Local leaders could soon decide which deacons can become priests

Bishop R. Walker Nickless of Sioux City, Iowa, lays hands on Deacon Andy Galles during his ordination into the priesthood on June 3 at the Cathedral of the Epiphany in Sioux City. (CNS photo/Jerry L Mennenga)Bishop R. Walker Nickless of Sioux City, Iowa, lays hands on Deacon Andy Galles during his ordination into the priesthood on June 3 at the Cathedral of the Epiphany in Sioux City. (CNS photo/Jerry L Mennenga)

Pope Francis and members of his international Council of Cardinals discussed the possibility of allowing local bishops rather than the Vatican decide on certain matters, including the marriage or priestly ordination of permanent deacons.

It is "what the pope calls a 'healthy decentralization,'" said Greg Burke, director of the Vatican press office.

Advertisement

Briefing journalists on the council's June 12-14 meeting, Burke said the cardinals and pope looked specifically at the possibility of allowing bishops to determine whether a permanent deacon who is widowed can remarry or whether a permanent deacon who is unmarried or widowed can be ordained to the priesthood without having to "wait for a decision to be made in Rome" as is the current rule.

Such decisions regarding permanent deacons now are handled at the Vatican Congregation for Clergy, but could pass to the local bishops' conference, Burke told journalists June 14.

The council of cardinals advising the pope on church governance also discussed proposals to broaden the participation of laypeople and members of religious orders in the selection of new bishops.

"It is something that already exists, but they want to do it in a more systematic, more extensive way," Burke said.

As Pope Francis and his international body of cardinal advisers continues looking at a reorganization of the Roman Curia, the June meeting also included a discussion of the proposed new descriptions of the work of the offices dealing with the evangelization of peoples, Eastern churches, interreligious dialogue and legislative texts.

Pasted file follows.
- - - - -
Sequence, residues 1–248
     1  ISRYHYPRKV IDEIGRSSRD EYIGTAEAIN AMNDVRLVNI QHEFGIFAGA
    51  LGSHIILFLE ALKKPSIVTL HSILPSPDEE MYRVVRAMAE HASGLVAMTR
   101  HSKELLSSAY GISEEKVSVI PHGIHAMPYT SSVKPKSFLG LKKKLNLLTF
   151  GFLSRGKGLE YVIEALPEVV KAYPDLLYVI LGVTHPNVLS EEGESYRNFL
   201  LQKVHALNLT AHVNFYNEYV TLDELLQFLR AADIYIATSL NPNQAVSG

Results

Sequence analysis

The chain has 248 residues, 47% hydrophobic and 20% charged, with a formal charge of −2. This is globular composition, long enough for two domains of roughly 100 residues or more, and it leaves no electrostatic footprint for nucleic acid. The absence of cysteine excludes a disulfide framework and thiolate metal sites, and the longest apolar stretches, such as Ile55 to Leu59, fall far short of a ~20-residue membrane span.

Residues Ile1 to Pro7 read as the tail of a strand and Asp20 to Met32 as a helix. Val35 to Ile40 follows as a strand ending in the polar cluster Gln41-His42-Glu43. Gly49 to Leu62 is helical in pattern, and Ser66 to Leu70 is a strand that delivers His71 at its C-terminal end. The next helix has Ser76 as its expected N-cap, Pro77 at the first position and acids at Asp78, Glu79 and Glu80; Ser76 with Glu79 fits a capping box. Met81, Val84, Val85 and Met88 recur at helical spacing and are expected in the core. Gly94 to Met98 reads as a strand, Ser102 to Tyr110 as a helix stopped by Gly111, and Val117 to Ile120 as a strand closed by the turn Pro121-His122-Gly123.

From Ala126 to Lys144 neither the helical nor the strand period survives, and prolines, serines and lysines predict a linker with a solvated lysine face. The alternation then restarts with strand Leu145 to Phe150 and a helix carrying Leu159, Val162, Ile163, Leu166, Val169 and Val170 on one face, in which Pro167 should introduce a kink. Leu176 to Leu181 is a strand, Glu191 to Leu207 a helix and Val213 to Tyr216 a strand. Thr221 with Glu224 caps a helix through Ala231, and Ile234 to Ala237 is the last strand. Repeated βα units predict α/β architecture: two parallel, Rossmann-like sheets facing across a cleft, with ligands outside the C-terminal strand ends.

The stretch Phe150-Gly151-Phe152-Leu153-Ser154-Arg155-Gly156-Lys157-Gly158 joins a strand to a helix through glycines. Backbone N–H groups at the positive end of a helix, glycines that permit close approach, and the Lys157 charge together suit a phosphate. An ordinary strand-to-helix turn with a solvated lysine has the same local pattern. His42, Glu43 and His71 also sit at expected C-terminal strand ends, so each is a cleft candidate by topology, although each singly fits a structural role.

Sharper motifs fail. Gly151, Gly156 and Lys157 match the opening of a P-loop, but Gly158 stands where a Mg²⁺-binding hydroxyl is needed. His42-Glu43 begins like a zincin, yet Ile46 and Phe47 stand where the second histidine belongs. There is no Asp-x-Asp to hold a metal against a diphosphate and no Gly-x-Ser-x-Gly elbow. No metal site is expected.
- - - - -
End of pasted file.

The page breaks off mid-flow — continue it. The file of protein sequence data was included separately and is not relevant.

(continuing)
The Council of Cardinals will meet again on Sept. 11-13. Its members are: Cardinals Pietro Parolin, Vatican secretary of state; Oscar Rodriguez Maradiaga of Tegucigalpa, Honduras; Sean P. O'Malley of Boston; Francisco Javier Errazuriz Ossa, retired archbishop of Santiago, Chile; Oswald Gracias of Mumbai, India; Reinhard Marx of Munich and Freising, Germany; Laurent Monsengwo Pasinya of Kinshasa, Congo; George Pell, head of the Secretariat of the Economy; and Giuseppe Bertello, president of the commission governing Vatican City State.

Due to undergoing minor surgery on his foot, Cardinal O'Malley was unable to attend the June meeting.

Comments are automatically closed two weeks after an article's initial publication. See our comments policy for more.

Advertisement

The latest from america

Bishop Lawrence T. Persico of Erie, Pa., speaks during a meeting in late January at the headquarters of U.S. Conference of Catholic Bishops in Washington. (CNS photo/Tyler Orsburn)
“I think we need complete transparency if we’re going to get the trust of the people back,” said Erie Bishop Lawrence T. Persico.
Mélanie Thierry as Marguerite Duras in “Memoir of War.” © Music Box Films
The film tells the story of a woman who worked for the German-controlled Vichy government but secretly joined the Resistance movement.
A. W. Richard Sipe (photo: Facebook)
Sipe's research into celibacy and priestly sexual behavior helped guide the work of church leaders and others responding to the clergy sexual abuse crisis.
Catholic News ServiceAugust 17, 2018
Did Pope Francis depart from Scripture and tradition in declaring the death penalty "inadmissible"? Or was his declaration rooted deeply in both?
Tobias WinrightAugust 17, 2018